“On the West Coast at the time the bagel shop had just exploded. There were bagel shops up and down the West Coast. One of them was Noah’s Bagels. It was kosher, and there was one in the town where my parents lived,” Drebin recalled. “I walked in and it was filled with ‘regular people.’ There was probably no one religious in there but me. It was so busy, it was crazy.”

When Drebin returned from his visit, he told his wife, Chava, that he wanted to open a bagel shop in Baltimore. It took him just over a year to get started. He reached out to the All American Food Corp. in New York, which had a kosher bagel among its product line and was opening franchises under the name “Goldberg’s.” All American worked with Drebin to set up shop on Slade Avenue. Six months later the franchise went out of business. But Drebin kept the name and was determined to build Goldberg’s on his own.

“When we opened up, [Stanley] was working in D.C., and he was traveling back and forth,” Chava Drebin said, noting that her husband planned to run Goldberg’s on the side. But within months it became apparent “the side” was not going to slice it.

“Goldberg’s took over our lives. It exploded. The bagel [at Goldberg’s] is so much better than it is everywhere else,” Chava Drebin said.

Drebin gave up his accountancy to commit to the bagel shop full time. In 1998, Goldberg’s had eight employees. Today, the business employs 30 people at its two locations.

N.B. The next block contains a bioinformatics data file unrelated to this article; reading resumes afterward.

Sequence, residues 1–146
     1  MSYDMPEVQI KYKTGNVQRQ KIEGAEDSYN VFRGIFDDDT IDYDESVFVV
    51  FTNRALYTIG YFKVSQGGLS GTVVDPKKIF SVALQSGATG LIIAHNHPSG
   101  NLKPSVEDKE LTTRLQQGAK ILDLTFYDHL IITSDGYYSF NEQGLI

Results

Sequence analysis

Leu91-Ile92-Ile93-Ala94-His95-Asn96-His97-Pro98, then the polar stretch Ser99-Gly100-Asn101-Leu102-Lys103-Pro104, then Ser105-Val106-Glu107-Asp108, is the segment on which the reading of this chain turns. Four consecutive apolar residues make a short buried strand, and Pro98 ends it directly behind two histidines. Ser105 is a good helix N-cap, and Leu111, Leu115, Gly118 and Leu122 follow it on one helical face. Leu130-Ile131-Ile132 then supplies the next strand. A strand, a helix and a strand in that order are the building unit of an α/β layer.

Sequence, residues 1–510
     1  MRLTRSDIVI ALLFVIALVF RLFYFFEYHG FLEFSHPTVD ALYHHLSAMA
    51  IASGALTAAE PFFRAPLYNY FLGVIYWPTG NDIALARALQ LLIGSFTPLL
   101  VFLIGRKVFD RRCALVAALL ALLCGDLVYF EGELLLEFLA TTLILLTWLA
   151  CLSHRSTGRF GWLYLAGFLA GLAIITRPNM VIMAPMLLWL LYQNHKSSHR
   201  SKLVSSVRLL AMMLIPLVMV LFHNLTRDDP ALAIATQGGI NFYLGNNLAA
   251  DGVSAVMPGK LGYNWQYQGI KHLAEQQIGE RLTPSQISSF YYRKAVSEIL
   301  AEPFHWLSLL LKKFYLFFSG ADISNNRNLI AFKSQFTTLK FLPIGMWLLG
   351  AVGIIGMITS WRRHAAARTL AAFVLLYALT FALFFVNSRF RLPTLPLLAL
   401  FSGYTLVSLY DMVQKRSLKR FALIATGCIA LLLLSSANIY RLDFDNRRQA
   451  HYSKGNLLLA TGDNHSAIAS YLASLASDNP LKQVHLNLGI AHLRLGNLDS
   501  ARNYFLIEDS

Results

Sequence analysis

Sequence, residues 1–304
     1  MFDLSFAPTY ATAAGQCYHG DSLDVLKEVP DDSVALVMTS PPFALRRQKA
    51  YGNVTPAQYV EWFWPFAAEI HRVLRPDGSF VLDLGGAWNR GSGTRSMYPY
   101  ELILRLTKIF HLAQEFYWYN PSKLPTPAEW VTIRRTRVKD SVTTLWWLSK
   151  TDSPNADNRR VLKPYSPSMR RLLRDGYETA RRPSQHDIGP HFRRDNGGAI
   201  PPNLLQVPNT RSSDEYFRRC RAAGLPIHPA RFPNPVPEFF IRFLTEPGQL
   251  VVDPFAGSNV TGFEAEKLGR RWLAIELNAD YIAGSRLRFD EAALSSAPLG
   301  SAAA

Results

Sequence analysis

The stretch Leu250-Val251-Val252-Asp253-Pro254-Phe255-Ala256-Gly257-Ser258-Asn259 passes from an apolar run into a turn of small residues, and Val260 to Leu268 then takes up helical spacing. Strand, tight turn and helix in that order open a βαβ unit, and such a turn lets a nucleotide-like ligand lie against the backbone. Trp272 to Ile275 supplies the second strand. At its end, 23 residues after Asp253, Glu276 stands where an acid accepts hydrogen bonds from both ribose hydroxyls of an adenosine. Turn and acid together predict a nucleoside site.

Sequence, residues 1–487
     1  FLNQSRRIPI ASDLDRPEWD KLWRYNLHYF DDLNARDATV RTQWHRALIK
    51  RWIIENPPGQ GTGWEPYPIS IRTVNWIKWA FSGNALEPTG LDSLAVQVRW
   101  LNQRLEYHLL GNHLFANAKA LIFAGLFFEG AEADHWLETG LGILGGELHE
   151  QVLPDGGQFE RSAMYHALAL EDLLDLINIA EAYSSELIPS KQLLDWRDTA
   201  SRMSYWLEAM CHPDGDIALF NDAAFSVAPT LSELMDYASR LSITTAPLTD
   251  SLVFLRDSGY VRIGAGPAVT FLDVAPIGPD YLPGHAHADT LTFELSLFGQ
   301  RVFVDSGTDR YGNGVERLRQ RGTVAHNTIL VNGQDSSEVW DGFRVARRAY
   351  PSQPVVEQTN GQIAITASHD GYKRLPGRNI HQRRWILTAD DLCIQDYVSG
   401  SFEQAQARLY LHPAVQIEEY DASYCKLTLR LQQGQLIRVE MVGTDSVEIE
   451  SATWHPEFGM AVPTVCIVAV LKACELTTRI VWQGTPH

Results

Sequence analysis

Richard Alicea was recruited by Drebin 14 years ago. Alicea served as the store trainer for All American.

“I would travel to the site of a new store, meet the owner, help hire and train all of the employees from baking to making salads and sandwiches to catering. … I was opening up a lot of stores in a lot of locations, and then the franchisor went out of business,” Alicea said. “The suits and ties made a lot of bad decisions.”

Drebin heard about Alicea, who was living in New York with his wife and four children at the time, and offered him the store manager’s position.

“I wasn’t interested in moving to Maryland, but Stanley was very persuasive,” Alicea recalled.

Drebin rented Alicea an apartment so he could spend the weekdays in Baltimore for two months to test the waters. It took much less for Alicea to know Goldberg’s was the right fit.

“I liked it right away. I knew it was the right place for me,” he said.

Alicea has become a part of the wallpaper and synonymous with the Goldberg’s name.

Behind the scenes — and the oven — is another ingredient of Goldberg’s success, Robert Bagwandeen, the baker.

“Out of nowhere, Robert walked into my store. I didn’t expect him to be a baker, but he is the best baker in the world,” said Drebin. “He knows bagels. He understands bagels.”